Ettie Newlands

So, these 52 years later, we’ve had all the conversations there are to have, my once 21-year-old husband and I.

Which is why we found ourselves smack dab in the middle of the glass half-full/glass half-empty controversy.

He is convinced it’s all about optimism vs. pessimism.

If you’re a positive, optimistic person, as he is, you see the glass as half full.

If you’re a negative, pessimistic person (read: realistic with an acute awareness of the situation), as I am, you see the glass as half empty.

(I have always been a firm believer that the glass was, in fact, half empty, and would momentarily fall off the edge of the table and break.

I would then step on the broken glass and get an infected foot.

My foot would not heal and would have to be amputated, and I would get a prosthesis that would never fit properly. Therefore, because the glass was half empty, I would be miserable for the rest of my life.)

But revelation came during this particular conversation, and I was sure – I was positively, optimistically sure – that I knew the absolute, objective answer to whether the glass was half empty or half full.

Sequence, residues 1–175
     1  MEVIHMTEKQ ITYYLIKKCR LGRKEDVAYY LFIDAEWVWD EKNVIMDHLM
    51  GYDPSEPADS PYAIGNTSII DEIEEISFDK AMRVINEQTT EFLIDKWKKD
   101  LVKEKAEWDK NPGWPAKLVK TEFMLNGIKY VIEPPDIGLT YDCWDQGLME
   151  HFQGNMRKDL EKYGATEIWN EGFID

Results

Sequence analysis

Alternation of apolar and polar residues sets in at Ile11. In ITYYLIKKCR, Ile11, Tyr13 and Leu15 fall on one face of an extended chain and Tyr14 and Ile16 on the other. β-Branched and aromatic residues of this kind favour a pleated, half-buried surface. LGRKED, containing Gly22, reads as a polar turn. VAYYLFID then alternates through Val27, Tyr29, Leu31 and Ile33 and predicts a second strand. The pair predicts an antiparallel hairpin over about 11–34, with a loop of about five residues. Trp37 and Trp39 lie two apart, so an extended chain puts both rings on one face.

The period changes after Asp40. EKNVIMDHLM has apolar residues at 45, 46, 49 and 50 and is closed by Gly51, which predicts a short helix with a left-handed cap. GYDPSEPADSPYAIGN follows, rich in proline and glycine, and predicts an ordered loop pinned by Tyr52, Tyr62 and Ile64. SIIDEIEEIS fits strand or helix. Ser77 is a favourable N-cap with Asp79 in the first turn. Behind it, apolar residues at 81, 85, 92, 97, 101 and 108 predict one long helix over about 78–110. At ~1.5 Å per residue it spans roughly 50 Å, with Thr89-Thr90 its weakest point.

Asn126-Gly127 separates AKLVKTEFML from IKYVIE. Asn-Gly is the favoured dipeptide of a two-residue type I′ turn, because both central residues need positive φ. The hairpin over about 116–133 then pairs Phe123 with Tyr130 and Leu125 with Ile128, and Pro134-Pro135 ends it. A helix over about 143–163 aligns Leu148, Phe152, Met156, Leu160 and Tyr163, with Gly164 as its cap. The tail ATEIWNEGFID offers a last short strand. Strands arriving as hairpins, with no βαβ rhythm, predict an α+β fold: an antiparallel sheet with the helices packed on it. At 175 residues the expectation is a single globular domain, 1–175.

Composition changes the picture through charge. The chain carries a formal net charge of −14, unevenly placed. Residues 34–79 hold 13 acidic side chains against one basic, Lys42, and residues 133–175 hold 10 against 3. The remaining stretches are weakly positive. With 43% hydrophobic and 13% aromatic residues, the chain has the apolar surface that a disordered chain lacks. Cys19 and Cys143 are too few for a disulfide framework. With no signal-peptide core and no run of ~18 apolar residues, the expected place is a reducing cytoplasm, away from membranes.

It depended, I told my now 74-year-old husband, on how the glass started out.

If it had been full and half the contents was now gone, it was now half empty

If it had been empty and someone filled it halfway with contents, it was now half full.

That should have ended the discussion.

Instead, he responded with, “But if the glass falls in the forest and there’s nobody there to hear it…”

Sometimes, I don’t know why I bother.


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